BLT, Bodo people, BTC, crime against humanity, guns and talks, Hagrama Mohilary, homecoming rebels, indigenous tribe, Narendra Modi, north-east, October 30 serial blasts, Ranjan Daimary, unconditional talks NDBF Songbijit, VIP treatment
Narendra Modi once famously answered to a journalist’s question – goli ke awaz mein baat-chit sunayeen degi kya (will talks be heard amid the sound of guns). The journalist’s question was on peace process. Guns and talks cannot go together. It’s always the one or the other. This aspect is often ignored by the government in the so-called peace processes with outfits in North-east. It was only the other day the Centre decided to put on hold all kinds of “unconditional” talks. Over 70 lives had to be lost for the awakening! But it’s not surprising if the government tomorrow decides to extend an olive branch to the National Democratic Front of Bodoland (NDFB) Songbijit faction, responsible for the massacre on December 23. They might be given amnesty “for the sake of restoring peace”. They might be rewarded (for the massacre) with bigger rehabilitation packages.
It’s a known fact that the more a “home-coming” militant (or criminal) is accused of crimes, the more is the authenticity of his being a top rebel and entitled for government patronage. All former leaders of the once-dreaded Bodoland Liberation Tigers (BLT) are now enjoying power in the Bodoland Territorial Council (BTC), which was expected to end the bloodshed in Assam. But the historic mistake was realised within five years of its formation when NDFB then led by Ranjan Daimary triggered serial blasts in Assam on October 30, 2008. It was not the end. The BTC-ruled areas have been witnessing ethnic cleansing involving Bodo militants every other year. It’s not the struggle for freedom of the Bodo people, as the groups proclaim. It’s all about power. If Hagrama Mohilary can be at the helm in the BTC even causing loss of innocent lives, why not a greener pasture for Rajnan Daimary or Songbijit? Daimary has already agreed for peace talks (being in jail, he has no other option) while Songbijit might be waiting for his turn.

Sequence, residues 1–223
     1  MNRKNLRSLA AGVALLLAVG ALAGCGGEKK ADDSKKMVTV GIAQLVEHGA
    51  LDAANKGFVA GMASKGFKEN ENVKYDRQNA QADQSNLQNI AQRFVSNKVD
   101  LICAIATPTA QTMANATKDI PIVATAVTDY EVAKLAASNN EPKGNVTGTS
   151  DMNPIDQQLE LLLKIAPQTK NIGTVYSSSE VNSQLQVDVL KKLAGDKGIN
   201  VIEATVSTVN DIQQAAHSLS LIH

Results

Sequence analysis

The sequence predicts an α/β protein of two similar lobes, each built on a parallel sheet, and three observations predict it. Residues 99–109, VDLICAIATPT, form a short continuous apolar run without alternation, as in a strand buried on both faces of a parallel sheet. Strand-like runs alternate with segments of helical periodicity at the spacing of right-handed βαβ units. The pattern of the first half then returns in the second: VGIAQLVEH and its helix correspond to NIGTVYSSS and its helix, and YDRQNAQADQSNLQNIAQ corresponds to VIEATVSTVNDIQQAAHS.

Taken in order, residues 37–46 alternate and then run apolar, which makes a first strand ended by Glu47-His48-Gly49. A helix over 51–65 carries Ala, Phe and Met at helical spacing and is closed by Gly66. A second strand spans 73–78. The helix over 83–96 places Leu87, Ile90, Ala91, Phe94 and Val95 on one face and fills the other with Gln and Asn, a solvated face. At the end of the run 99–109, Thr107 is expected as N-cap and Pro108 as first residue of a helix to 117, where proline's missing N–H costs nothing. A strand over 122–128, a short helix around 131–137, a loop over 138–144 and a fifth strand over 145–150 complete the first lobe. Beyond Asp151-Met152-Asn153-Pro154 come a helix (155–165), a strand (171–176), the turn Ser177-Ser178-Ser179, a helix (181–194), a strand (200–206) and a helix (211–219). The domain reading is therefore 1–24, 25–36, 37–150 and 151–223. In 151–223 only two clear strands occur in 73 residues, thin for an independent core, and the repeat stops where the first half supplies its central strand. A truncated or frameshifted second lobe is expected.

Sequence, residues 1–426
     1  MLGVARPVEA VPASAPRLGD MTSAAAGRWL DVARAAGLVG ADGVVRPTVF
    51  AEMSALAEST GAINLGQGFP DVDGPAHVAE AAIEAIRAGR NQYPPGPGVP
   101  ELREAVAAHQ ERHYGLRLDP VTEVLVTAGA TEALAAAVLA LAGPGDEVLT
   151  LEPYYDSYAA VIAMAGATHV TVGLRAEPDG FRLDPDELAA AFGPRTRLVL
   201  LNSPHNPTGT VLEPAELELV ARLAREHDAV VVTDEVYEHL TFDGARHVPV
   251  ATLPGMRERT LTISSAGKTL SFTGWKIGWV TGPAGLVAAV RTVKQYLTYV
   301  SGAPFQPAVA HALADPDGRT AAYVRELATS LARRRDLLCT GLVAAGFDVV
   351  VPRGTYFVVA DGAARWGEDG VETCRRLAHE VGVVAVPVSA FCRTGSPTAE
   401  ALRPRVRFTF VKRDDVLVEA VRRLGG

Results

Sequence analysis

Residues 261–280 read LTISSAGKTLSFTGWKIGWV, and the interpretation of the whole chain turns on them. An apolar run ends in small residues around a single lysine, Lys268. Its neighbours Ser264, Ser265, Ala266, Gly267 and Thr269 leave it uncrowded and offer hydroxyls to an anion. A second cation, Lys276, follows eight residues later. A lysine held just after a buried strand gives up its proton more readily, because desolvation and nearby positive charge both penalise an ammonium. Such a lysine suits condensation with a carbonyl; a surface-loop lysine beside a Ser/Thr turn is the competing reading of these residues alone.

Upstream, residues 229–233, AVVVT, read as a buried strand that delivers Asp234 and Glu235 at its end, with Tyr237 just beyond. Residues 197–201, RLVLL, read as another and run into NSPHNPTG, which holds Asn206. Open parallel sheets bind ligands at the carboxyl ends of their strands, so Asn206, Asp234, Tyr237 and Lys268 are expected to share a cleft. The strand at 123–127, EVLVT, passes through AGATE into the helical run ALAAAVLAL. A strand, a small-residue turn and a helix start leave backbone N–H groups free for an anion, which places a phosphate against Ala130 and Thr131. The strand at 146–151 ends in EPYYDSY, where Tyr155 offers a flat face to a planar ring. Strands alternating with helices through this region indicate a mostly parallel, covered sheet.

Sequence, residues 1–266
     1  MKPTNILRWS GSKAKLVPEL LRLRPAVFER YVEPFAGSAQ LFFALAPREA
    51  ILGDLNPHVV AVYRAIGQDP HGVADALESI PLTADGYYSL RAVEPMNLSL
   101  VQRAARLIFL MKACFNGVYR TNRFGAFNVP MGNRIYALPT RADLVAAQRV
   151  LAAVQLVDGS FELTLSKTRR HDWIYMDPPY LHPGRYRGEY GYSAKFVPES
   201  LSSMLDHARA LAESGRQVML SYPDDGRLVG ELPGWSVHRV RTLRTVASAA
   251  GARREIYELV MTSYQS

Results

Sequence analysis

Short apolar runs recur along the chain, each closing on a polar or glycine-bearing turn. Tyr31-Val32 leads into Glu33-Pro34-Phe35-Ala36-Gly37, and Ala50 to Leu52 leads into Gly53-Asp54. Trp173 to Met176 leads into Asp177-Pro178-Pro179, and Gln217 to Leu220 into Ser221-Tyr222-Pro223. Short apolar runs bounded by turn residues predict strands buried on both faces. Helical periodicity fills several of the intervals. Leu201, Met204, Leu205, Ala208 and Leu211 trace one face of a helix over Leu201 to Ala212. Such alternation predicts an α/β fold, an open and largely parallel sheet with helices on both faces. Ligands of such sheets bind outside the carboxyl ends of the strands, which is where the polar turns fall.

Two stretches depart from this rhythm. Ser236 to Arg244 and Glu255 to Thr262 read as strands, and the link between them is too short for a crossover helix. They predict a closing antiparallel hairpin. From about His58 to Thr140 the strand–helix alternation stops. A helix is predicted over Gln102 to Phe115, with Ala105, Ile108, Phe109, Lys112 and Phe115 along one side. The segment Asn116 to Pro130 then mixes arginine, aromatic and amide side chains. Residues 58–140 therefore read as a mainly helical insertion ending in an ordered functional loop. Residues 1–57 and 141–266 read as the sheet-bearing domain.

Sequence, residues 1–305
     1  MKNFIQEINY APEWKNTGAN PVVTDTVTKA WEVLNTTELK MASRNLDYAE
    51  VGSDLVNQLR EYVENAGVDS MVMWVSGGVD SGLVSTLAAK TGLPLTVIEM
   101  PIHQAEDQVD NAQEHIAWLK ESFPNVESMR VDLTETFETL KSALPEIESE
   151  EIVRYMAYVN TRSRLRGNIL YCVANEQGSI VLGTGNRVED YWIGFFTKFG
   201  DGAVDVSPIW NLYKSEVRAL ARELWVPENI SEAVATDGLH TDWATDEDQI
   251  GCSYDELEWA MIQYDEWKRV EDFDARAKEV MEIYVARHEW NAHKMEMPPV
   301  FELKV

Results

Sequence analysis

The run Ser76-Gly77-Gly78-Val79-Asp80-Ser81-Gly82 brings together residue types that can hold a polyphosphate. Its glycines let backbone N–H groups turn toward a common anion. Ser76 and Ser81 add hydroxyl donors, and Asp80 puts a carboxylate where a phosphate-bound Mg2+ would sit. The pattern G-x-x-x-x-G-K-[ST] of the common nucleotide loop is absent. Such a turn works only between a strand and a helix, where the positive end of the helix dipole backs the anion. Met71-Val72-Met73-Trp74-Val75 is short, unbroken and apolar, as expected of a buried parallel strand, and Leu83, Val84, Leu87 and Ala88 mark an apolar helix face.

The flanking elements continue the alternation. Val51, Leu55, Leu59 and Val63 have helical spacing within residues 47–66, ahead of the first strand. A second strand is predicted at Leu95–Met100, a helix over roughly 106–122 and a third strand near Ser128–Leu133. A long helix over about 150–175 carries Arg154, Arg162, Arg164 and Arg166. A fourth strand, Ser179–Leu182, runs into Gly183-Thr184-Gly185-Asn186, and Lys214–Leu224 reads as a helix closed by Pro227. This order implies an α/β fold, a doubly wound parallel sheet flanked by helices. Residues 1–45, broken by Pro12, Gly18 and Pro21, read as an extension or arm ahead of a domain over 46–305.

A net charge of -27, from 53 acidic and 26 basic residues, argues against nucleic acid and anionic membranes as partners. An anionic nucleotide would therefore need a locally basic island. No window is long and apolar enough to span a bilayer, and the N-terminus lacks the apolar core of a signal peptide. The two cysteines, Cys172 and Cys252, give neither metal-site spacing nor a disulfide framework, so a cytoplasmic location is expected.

From the Hagramas, Daimarys and Songbijits, the “upcoming” militants take a very important lesson – the more you kill (in the name of rights of an indigenous community) the more importance you get from the authorities including the judiciary. They have no reason to shy away from guns? There would be new Songbijits raising their ugly heads even the present one is neautralised. Should the government take a lesson from the mistakes it made in giving VIP treatment to “homecoming” rebels, just because they have a “noble cause” to justify their crime on humanity?
(Published as editorial in The Meghalaya Guardian on Dec 27, 2014)